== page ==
The private-asset-dominated legacy industry stands to benefit from blockchain applications
Trading has been a part of man’s commerce since time immemorial to primarily provide for his subsistence and the subsequent generation of his wealth. Governments and authorities are tasked to manage the order of industries for the general sustenance of economies. The various exchange of monies to acquire and dispose of assets are called Payments. Payments facilitate money movement called cashflow liquidities so that products and services are availed to serve its purposes. While the questions to the who, what, where, and why of things are established even on the project proposals stage, the assurance of when will things get paid beyond how much usually ends up in grey territories. It applies to both local and international transactions. People of their times have had a different deployment of systems and mechanisms for better payments schemes to improve cashflow. But none came close because it is not that easy.
The invention of blockchain technology came about to answer that question of “when specifically will I get paid?” where present scenarios involve slow, old, and expensive system of payments. Blockchain technology will disrupt just that through fast, cheap, and safe and secure processing of payments using the distributed ledger technology, or DLT. It can verify transactions in real-time, eliminating the need for third-party mediation such as correspondent banks, clearinghouses, and legal counsels.
The area of international payments wants excellent client experience in terms of more efficient processing, reconciliation, and transparencies regarding fees. It needs to evolve into blockchain capabilities in order to facilitate faster payments across borders. DLT can play an integral part in realizing this concept since the central character of international payments is reachability which enables banks to facilitate payment anywhere in the world. The SWIFT network is currently functioning as such with 11,000 banks attached to its borderless operations. Still, it takes days to complete transactions with an average of 10% processing charges for correspondent banks with inefficient infrastructures.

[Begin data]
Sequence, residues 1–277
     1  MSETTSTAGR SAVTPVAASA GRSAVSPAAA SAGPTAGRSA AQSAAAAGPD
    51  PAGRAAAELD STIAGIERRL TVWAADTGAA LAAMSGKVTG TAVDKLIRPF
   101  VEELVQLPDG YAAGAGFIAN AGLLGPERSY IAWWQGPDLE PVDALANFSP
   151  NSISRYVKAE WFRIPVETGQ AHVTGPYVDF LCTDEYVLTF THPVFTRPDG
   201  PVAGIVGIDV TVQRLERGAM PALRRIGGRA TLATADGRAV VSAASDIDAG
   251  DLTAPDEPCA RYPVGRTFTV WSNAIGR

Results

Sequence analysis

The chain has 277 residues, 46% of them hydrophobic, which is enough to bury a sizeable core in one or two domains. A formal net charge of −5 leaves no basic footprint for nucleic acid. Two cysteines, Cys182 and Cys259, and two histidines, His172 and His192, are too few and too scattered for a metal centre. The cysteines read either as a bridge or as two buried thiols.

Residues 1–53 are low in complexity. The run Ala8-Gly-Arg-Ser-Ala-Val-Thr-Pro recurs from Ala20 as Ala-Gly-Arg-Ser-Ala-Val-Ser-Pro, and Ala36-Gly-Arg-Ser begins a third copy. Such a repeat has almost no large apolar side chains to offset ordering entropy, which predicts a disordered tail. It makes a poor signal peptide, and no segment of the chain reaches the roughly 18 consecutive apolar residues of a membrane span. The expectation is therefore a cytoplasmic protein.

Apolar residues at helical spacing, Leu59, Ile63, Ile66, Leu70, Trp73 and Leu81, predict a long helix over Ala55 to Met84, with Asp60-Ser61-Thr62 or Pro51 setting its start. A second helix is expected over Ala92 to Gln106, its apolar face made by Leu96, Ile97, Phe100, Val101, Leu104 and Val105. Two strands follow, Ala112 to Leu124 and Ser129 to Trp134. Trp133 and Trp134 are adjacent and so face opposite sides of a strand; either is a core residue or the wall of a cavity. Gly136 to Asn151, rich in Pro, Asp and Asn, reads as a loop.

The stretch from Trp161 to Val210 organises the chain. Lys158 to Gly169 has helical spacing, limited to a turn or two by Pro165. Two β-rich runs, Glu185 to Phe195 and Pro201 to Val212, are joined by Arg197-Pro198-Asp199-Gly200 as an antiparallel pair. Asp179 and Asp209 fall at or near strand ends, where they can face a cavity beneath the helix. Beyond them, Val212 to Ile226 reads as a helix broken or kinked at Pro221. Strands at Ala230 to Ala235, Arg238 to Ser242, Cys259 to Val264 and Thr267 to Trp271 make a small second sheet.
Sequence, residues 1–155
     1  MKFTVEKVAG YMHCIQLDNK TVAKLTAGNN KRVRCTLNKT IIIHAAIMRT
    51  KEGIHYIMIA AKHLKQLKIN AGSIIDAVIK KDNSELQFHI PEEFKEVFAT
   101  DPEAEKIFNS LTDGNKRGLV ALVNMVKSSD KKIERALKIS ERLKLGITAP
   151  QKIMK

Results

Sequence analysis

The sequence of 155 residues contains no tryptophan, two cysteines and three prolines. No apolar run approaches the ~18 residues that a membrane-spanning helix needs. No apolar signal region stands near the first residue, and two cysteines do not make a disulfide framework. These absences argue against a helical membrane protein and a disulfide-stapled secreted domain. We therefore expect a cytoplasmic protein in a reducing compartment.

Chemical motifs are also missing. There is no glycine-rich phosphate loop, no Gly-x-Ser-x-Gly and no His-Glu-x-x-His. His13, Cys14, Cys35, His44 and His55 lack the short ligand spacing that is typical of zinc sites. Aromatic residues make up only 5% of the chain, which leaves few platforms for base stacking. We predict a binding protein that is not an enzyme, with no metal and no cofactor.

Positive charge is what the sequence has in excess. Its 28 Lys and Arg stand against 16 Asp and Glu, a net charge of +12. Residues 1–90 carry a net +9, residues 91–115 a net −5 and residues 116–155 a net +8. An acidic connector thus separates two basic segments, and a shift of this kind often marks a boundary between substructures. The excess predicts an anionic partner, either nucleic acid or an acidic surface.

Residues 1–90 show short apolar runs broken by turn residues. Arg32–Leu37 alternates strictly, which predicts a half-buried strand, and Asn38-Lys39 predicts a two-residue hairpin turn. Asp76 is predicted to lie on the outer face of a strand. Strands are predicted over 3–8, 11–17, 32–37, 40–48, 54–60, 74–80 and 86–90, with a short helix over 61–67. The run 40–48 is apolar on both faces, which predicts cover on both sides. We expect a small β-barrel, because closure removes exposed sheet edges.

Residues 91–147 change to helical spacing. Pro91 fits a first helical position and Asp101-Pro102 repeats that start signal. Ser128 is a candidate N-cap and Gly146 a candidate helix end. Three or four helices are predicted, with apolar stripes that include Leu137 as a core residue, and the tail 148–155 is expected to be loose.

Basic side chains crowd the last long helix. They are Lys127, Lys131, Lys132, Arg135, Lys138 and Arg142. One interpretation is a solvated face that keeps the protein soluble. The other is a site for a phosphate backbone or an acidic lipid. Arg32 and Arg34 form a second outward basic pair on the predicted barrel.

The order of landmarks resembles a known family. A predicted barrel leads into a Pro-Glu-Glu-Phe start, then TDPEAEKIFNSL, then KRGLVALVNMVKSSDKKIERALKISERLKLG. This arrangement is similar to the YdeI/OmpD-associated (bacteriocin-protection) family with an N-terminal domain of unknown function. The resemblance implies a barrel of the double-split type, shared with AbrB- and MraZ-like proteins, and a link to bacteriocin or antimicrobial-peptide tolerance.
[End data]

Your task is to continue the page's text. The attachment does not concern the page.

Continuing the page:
Pain points of trade finance are the unbelievable delays in payments from weeks to months due to outdated paper-based and manual processes involved. The digitization of documents through the blockchain is currently being studied through the Digital Trade Chain Consortium where members include Deutsche Bank, HSBC, Rabobank, UniCredit, KBC, and Natixis. The project aims to connect all actors in the international trade such as sellers, buyers, transporters, insurers, financiers, and others. This decentralized solution will not only be technologically challenging but also from a regulatory point of view. But it is worth the shot given that other banks from any geographical location will soon be welcome to join the Consortium.
Smart contracts are digital, programmable, and self-executing contracts embedded in the DLT that are automated to deliver payments after conditions are verified. When applied in trade finance, smart contracts will execute an automatic payment processing mechanism after and when an entity confirms the veracity of a shipment delivered. The fast-tracking payment system will, thus, eliminating any error caused by manual intervention in reconciliation processes.
The payments industry stands to enjoy the benefits of blockchain technology adoption given the application possibilities in cross-border payments, foreign exchange settlements, trade finance settlements, card payments, and so much more. Cryptocurrencies built on the blockchain also stand in wait to further accelerate the progress of the payments industry by potentially becoming the standard mediums of exchange.